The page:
ORPHAN FILM Childreninisolation
Photocredit: my Petition “Ban Solitary Confinement for Children”
A forensic psychologist on anger, madness and destructive behavior.
by Dr. Stephen Diamond
ORPHAN is Coming: Are There Really Evil Children?
Are there really evil children?
Orphan is a new and already controversial horror film scheduled to be released on July 24th by Warner Brothers. One of its producers recently interviewed me on camera here in Los Angeles for the film’s forthcoming DVD and bonus documentary (Mama’s Little Devils: Bad Seeds, Evil Kids and Orphan) regarding one of the film’s central themes: the enigmatic nature of human evil.
First, let me make something very clear: I haven’t seen the movie. So this isn’t any sort of review, critique or endorsement. Nor was my interview. Rather, we discussed in broad terms the early psychological development and evolution of evil or destructive, cruel, violent behavior. Orphan is in the genre of previous cinematic tales like The Bad Seed, The Exorcist, The Omen, Village of the Damned, Children of the Corn, Lord of the Flies, The Good Son, Firestarter, The Brood, The Ring, The Innocents and other fictional dramatizations of seemingly innocent children gone haywire, wreaking havoc, mayhem and sometimes even murder in their wake. The common thread in such stories is not so much about being an orphan or adoptee or not, but rather whether children in general are capable of evil desires and deeds. And, if they engage in evil deeds, what possesses them to do so? Are they born evil, or do they become evil because of their experiences? Is it nature or nurture? Some combination of both? Or are supernatural, metaphysical, demonic or satanic forces to blame, as some movies suggest. How can evil be explained?
In this film, Esther is a nine-year-old girl who is adopted from an orphanage by a well-to-do couple with two children of their own. The adoption occurs in hopes of healing the gaping hole left in their hearts after a deeply traumatizing miscarriage. Upon first meeting Esther, they are both smitten by this seemingly angelic, intelligent, talented, sweet and extraordinary little girl. As suggested by the trailers, once she becomes ensconced into the bosom of the family, trouble ensues. Serious trouble. Bad behavior. Very bad. Why? In one scene included in the previews, we see Esther being cruelly teased at school by a classmate, followed by what looks like a furtive fit of violent rage in a restroom stall. Little Esther evidently has a nasty temper. She’s got serious anger issues. It is often the case that such intense, primitive anger or narcissistic rage underlies various behavioral problems and other prevalent psychiatric symptoms in both children and adults.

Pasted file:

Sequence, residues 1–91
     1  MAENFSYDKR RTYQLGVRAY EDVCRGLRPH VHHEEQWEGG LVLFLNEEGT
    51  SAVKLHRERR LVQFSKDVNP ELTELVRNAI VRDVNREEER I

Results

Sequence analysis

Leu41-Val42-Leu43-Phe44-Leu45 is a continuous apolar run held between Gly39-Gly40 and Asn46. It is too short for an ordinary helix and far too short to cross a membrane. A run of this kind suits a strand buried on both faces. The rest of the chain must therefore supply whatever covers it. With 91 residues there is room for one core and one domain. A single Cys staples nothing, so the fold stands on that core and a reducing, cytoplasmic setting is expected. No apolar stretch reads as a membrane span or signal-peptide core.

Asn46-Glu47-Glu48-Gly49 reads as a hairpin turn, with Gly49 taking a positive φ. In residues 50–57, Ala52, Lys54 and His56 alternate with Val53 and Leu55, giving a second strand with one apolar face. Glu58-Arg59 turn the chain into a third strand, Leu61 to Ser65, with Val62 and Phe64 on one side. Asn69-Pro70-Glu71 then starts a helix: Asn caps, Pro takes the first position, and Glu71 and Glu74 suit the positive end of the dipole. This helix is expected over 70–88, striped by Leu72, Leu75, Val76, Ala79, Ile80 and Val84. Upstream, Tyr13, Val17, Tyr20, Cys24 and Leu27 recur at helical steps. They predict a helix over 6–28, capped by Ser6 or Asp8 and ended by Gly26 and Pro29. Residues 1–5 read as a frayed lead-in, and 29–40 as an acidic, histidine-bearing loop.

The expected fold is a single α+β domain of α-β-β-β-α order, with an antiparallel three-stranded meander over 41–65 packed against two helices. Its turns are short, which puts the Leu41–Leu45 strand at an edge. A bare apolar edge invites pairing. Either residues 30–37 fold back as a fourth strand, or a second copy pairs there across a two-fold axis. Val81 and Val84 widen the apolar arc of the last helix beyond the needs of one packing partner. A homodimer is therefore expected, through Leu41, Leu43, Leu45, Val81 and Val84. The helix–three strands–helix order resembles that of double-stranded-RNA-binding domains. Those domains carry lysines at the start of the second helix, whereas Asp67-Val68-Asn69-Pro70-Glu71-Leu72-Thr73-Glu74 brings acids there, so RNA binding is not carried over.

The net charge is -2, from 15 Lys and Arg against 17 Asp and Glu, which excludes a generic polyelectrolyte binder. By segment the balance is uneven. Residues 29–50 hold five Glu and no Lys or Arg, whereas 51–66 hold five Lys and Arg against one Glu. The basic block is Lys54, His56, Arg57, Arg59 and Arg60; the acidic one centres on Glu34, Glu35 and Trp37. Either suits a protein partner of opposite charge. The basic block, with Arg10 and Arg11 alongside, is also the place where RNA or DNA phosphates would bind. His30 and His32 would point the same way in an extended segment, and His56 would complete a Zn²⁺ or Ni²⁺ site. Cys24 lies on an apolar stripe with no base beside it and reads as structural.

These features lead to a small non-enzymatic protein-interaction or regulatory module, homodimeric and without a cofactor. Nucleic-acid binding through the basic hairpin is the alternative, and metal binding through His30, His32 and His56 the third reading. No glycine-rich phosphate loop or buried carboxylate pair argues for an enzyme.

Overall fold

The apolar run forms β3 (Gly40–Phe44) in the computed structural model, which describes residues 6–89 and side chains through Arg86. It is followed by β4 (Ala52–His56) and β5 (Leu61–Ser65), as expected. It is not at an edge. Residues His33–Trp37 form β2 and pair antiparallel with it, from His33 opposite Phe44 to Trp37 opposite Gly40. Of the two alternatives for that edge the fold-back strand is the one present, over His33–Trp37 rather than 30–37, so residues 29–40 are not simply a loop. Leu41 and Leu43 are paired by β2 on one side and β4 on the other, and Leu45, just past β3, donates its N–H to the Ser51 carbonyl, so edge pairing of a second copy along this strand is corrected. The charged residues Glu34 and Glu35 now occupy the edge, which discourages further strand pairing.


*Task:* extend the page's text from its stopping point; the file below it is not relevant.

Of course, this is a fictional Hollywood horror movie. But what is the likelihood that an adopted nine-year-old child brought into an already existing family might develop behavioral problems of some sort? Fairly significant, it seems. It is a new situation for the child, who might feel insecure and anxious about being in this unfamiliar setting, especially with other children who already have an established relationship with the parents and each other. The child may, understandably, feel like an outsider at first, and perhaps feel threatened and even experience the need to compete with the other children for attention and love. And this could happen no matter what the adopted child’s background and history. But, with a child who has suffered traumatic loss of or abandonment by his or her parents, possibly compounded by neglect and/or physical, sexual or emotional abuse prior to or after this devastating loss, the likelihood of such anger-driven maladjustment increases.